- Phytochemistry studies have yielded more than 80 compounds including phenyl propanoids, flavonoids, phenyl ethanoid glycosides, phenylpropanoid esters, non-phenolic compounds, triterpene saponins, iridoid glucosides, benzoates, triterpenoids, monoterpenes, acetogenins, steroids, shikimates, and other trace elements. (23)
- Fragrant flowers yielded many flavonoids including apigenin, acacetin-87-O-ß-D-glucoside, diosmin, rutin, etc. Leaves are rich in essential oil with main constituents of tridecane, ß-caryophyllene oxide, anethole, and phytol. (23)
- Essential oil of leaves yielded 17 constituents 14 of which were identified as four monoterpene hydrocarbons, four oxygenated monoterpenes, one hydrocarbon sesquiterpenes and five oxygenated sesquiterpenes. Major constituents was 1,8-cineole (38.1%); others were ß-sinensal 1,10-secxo-1-hydroxy-calamenen-10-one and a-phellandrene at 11.8%, 10.2%, and 5.8%, respectively. (see study below) (25)
- In Meghalaya, India, flowers reportedly cooked as vegetable. (17)
- In the Philippines, plant used to induce abortion.
- Also used for various skin diseases.
- Used as cure for weight loss.
- In Pakistan used as abortifacient and contraceptive.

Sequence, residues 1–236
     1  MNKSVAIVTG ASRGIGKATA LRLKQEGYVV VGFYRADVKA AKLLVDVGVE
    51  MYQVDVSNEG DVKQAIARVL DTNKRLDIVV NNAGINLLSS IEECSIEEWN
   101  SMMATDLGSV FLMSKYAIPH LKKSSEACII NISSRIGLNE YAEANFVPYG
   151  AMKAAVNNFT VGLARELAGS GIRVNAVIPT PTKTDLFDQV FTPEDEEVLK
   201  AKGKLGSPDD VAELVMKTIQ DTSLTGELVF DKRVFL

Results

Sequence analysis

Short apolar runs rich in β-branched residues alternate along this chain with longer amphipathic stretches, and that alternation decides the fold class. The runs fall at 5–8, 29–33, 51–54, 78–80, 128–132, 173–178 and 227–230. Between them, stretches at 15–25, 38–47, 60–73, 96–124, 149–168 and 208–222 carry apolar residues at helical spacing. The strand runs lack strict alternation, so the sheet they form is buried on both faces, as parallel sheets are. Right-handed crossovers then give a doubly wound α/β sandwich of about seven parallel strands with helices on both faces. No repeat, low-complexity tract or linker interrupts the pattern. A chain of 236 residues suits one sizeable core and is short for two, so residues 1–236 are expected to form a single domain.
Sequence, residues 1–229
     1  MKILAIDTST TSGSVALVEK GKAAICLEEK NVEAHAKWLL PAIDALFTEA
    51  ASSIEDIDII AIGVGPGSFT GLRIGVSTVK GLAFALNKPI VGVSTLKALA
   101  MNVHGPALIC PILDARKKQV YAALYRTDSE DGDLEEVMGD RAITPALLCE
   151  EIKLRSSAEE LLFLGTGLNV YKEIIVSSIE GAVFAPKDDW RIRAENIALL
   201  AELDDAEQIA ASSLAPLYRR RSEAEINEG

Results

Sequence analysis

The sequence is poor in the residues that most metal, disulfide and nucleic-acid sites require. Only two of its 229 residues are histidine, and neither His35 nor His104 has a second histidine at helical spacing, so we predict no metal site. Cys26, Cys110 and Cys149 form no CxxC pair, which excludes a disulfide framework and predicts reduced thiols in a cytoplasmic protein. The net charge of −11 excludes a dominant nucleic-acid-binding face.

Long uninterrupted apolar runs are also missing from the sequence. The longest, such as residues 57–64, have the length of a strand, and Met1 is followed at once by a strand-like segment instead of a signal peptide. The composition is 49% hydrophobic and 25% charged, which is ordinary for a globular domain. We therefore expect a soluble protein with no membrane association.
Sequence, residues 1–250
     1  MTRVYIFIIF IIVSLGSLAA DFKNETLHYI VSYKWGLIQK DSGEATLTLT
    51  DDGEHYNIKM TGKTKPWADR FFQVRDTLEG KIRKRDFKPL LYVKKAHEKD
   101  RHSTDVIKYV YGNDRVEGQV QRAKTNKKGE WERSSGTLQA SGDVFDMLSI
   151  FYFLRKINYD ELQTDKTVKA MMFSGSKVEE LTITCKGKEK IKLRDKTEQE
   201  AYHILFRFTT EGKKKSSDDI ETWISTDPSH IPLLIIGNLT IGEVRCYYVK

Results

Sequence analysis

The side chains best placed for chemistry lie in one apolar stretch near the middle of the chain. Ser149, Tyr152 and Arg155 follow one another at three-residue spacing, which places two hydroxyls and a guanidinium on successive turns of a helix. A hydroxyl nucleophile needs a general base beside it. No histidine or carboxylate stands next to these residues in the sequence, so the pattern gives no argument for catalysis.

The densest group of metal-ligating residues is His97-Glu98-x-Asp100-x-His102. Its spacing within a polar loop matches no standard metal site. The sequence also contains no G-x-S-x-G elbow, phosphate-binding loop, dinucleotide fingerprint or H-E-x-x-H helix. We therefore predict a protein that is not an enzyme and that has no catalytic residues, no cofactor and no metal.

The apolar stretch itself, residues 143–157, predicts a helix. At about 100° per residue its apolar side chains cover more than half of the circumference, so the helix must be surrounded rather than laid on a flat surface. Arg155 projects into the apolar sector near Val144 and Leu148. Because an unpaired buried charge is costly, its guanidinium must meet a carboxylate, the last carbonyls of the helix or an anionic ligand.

- Used for skin complains.
Paste of roots mixed with rice water used as tonic.
- Roots and leaves used to treat tumor-like growths.
- Concentrated infusion of roots used to treat malaria.
- In Bangladesh leaf paste applied to forehead for treatment of fever. For high fever in children, root extract is taken, and warm root extract is rubbed onto the whole body. Roots also used in skin diseases. (19)
- Wood: Moderately hard, used for making walking sticks.
- Beer: Leaves and twigs are ingredients in the making of Judima, an indigenous alcohol of the Dimasa tribe in India. (18)
• Buddlin: Study isolated a new compound, buddlin, from the whole plant of B asiatica. (1)
• Asiatisides: Study yielded four new phenylpropanoid esters of rhamnose, asiatisides A-D, with the known compounds, buergeriside C1, p-methoxycinnamic acid, ferulic acid, and O-methylferulic acid, from the aerial parts of B asiatica. (2)
• Antihepatotoxic: Study isolated a new natural compound, 6-O-(3",4"-dimethoxycinnamoyl) catalpol, from the defatted alcoholic extract of the flowering parts of B asiatica. The flowering parts and roots showed substantial antihepatotoxic activity comparable to the lignan silymarin. (3)